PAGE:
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How Botox Works

Botox is the brand name for a toxin called botulinum toxin A. The toxin is related to botulism, a form of food poisoning. A person who contracts botulism has ingested the bacterium Clostridium botulinum. Botulinum toxin A is a neurotoxin (a poison made of protein usually acting on a person's nervous system) made by the Clostridium botulinum bacterium.

Botox is a much smaller and sterilized form of the toxin. When Botox is injected, the toxin A (botulinum has seven toxins: A through G) attaches itself to nerve endings. During unimpeded muscle function, the neurotransmitter acetylcholine is released from these nerve endings, causing muscle contractions. Botox blocks the release of acetylcholine, causing the muscle to become relaxed.

Death from severe poisoning due to botulism is caused by paralysis of the muscles in the chest, causing cessation of breathing. Botox injections are typically localized and are given in extremely low doses. There is very low incidence of side effects from Botox injections. It is impossible to get botulism from a Botox injection.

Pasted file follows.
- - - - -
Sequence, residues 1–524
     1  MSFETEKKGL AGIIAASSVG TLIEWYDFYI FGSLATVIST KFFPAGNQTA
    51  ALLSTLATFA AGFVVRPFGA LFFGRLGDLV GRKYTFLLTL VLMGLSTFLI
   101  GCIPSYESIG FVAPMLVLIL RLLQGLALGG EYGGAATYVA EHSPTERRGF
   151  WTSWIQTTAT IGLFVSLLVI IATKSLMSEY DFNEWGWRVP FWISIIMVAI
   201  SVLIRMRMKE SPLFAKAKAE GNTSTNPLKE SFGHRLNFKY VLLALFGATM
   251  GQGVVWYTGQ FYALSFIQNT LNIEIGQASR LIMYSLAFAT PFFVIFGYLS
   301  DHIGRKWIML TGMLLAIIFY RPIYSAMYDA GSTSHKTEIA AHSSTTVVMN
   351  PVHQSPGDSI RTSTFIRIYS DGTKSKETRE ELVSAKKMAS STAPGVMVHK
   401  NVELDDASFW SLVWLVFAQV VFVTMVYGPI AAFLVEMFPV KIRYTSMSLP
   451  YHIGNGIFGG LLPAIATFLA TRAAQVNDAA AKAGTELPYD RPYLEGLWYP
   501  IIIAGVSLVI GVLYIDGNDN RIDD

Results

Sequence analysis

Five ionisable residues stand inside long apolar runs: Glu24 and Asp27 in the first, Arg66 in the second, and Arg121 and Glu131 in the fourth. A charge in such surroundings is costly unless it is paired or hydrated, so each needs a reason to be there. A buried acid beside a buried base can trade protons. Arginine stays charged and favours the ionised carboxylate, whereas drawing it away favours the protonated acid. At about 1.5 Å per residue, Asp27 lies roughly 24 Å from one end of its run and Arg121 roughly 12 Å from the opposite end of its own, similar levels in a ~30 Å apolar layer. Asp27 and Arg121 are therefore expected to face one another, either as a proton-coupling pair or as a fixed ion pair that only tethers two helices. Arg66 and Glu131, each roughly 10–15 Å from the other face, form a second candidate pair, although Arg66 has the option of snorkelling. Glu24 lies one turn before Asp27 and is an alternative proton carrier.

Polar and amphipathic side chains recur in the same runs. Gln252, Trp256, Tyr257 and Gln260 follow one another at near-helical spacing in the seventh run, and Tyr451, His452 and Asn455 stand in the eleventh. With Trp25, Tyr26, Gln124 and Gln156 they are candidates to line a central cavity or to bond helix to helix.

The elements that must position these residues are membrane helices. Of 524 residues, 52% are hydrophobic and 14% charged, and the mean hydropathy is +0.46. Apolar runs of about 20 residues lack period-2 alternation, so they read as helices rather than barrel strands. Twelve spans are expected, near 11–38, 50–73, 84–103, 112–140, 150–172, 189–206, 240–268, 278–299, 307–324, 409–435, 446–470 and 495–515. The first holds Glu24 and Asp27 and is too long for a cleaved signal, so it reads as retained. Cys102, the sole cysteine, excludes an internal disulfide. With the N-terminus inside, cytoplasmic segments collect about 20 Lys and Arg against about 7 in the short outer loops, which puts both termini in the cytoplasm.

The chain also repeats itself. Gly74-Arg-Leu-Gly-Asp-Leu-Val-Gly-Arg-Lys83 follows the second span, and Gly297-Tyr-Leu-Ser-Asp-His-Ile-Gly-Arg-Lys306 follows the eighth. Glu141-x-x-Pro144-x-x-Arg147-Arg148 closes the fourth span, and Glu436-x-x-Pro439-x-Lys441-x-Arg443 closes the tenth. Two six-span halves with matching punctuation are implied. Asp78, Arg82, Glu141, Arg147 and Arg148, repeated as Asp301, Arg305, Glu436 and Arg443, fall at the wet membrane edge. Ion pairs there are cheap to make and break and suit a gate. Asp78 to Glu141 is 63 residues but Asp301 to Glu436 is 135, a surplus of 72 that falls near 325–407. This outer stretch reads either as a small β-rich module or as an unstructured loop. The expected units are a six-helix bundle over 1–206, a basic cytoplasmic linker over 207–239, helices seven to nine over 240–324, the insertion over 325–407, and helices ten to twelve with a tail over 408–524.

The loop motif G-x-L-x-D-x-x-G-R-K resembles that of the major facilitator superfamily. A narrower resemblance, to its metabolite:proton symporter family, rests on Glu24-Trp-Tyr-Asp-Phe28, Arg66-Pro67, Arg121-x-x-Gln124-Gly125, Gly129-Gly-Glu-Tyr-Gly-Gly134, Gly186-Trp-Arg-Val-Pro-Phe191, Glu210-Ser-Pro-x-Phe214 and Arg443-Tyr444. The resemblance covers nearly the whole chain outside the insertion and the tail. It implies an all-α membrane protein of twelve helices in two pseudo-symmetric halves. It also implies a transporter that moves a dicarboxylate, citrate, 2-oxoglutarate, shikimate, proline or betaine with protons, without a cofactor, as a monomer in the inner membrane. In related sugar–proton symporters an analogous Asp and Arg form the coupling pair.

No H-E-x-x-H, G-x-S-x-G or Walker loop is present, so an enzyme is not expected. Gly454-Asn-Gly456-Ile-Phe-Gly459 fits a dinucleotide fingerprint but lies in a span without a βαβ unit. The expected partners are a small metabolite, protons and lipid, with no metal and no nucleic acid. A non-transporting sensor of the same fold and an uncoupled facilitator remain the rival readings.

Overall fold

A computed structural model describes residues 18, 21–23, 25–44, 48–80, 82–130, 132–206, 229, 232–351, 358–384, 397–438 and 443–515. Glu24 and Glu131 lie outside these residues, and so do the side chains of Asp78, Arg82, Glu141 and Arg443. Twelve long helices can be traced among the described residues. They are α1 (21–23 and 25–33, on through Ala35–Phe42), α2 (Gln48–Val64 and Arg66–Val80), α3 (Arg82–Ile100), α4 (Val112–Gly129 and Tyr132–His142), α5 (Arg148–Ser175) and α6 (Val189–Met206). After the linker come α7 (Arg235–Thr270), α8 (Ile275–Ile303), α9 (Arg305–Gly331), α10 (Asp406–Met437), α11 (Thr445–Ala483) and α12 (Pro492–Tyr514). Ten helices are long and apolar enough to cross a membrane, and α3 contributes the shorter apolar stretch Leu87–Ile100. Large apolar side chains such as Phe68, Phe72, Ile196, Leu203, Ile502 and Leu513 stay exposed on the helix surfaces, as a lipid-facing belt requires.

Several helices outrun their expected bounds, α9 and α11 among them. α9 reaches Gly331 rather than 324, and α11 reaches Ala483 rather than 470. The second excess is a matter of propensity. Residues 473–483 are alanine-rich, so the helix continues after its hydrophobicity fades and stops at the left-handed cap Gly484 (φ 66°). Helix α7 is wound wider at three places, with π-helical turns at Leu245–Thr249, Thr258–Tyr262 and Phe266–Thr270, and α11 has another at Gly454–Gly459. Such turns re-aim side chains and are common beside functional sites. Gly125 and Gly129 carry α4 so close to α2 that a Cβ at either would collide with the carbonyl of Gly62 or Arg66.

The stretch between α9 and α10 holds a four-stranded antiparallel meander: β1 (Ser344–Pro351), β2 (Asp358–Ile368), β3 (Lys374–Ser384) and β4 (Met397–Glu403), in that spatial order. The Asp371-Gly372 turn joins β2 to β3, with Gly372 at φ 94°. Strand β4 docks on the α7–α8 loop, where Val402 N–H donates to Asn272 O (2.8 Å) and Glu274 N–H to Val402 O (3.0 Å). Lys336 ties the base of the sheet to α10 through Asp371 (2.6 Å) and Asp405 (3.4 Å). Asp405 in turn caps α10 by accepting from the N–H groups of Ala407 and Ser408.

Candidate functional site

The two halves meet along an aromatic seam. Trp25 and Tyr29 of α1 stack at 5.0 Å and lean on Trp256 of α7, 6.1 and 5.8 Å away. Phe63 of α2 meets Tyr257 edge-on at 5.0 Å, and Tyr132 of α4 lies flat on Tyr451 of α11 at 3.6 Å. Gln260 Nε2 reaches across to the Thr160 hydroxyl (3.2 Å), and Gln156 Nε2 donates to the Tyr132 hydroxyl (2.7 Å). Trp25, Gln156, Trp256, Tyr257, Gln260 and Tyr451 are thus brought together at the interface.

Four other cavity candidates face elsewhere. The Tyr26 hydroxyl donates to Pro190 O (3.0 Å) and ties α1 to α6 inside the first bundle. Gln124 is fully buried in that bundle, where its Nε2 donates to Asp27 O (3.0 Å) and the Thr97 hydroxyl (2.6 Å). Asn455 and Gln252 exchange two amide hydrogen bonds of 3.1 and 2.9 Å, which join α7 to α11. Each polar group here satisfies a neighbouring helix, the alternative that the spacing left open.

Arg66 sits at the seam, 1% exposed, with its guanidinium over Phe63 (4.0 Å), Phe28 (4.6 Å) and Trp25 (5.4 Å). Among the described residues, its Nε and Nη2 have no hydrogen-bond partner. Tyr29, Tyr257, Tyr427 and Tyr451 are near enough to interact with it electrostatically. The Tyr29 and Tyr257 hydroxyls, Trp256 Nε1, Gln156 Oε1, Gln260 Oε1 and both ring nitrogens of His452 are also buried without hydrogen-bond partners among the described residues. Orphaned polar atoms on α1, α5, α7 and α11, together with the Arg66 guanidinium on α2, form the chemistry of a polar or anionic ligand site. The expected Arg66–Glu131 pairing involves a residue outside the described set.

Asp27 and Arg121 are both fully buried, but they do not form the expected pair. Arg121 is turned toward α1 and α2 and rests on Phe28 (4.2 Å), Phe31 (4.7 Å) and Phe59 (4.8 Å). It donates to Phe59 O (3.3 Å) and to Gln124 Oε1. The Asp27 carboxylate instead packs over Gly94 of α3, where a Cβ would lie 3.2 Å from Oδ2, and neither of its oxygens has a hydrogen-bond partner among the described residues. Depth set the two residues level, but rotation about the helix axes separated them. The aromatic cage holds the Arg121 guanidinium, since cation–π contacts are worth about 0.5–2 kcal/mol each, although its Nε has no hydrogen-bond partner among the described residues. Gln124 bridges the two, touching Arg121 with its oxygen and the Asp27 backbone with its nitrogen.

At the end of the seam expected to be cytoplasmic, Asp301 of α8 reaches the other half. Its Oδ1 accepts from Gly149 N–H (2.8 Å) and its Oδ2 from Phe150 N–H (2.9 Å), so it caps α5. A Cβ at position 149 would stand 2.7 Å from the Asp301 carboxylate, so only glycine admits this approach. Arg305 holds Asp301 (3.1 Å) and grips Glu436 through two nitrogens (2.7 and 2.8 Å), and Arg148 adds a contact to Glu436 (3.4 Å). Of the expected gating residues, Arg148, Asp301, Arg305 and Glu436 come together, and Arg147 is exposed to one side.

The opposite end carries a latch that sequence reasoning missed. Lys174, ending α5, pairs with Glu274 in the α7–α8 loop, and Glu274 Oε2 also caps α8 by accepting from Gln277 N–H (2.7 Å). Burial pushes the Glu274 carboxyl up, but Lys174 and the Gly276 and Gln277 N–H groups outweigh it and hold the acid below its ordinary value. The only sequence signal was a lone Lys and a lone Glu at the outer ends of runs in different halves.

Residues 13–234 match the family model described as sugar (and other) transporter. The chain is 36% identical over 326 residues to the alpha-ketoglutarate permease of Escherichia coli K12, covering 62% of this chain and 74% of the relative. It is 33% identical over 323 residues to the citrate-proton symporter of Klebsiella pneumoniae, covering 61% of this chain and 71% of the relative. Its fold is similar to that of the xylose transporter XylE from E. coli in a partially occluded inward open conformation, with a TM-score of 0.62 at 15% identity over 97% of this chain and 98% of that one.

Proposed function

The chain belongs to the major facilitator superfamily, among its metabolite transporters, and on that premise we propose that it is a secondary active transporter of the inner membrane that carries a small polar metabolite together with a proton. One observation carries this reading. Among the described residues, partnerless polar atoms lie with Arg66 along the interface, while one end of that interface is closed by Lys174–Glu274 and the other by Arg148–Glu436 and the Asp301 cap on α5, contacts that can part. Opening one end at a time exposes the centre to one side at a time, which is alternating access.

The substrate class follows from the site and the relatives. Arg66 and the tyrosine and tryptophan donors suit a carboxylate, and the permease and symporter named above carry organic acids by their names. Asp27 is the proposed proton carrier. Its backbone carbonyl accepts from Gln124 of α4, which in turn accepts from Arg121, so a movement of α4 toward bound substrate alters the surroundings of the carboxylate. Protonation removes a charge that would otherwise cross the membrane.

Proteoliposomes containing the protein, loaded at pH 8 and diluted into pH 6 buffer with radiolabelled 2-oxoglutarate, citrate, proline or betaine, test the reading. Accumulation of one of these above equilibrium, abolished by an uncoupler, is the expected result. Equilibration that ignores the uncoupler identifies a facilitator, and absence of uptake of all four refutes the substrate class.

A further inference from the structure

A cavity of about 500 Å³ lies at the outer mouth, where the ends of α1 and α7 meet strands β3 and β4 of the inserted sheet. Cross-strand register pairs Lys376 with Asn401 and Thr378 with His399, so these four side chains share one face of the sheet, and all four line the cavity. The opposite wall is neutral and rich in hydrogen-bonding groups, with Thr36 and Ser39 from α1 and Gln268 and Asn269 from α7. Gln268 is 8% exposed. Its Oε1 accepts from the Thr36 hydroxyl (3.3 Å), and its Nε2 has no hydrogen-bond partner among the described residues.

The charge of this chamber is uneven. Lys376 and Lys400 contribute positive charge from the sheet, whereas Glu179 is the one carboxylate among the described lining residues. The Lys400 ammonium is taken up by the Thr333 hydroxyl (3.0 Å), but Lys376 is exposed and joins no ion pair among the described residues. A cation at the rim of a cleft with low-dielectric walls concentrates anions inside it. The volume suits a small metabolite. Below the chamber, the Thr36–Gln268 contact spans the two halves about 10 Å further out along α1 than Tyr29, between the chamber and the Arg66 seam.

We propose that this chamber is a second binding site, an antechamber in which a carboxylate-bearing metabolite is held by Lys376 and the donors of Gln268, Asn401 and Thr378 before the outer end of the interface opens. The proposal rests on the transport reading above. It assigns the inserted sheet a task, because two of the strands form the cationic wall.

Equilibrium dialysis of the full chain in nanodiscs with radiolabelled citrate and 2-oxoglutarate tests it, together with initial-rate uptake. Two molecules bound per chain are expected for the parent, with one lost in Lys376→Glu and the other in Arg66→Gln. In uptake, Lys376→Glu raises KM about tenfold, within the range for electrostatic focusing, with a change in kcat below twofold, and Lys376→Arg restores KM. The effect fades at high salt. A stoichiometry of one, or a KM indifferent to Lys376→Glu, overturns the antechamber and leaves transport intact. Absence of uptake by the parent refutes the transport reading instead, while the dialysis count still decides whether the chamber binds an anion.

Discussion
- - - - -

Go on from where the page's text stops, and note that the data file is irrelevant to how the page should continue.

Botox injections have seen results in treating neurological and muscular diseases, excessive sweating, drooling, and muscle spasms. Botox's primary and most popular use as a drug has been cosmetically, however. Botox's ability to relax constricted muscles tends to lead to a softening of features and a smoother skin surface.

The FDA has approved Botox use for smoothing glabellar lines (lines between the eyebrows) only. Botox injections elsewhere on the body for cosmetic-only reasons are called "off-label."? While these off-label injections are not cleared by the FDA they are not banned either. This is because of the FDA's determination that Botox is safe to use in this small dose, injectable manner.

Wrinkles in the skin are caused by muscle contractions over long periods of time. Botox injections are related to the cessation of these muscle contractions and the smoothing of the skin. Injections are to be given directly to the offending areas. Results will vary, of course, but typically show improvements within a few days and last for up to four months.

Since the injections take such a small amount of time and have little side effects, they are very popular. Consult a board-certified plastic surgeon or other board certified doctor to see if Botox treatments, whether for cosmetic or medical reasons, can be right for you.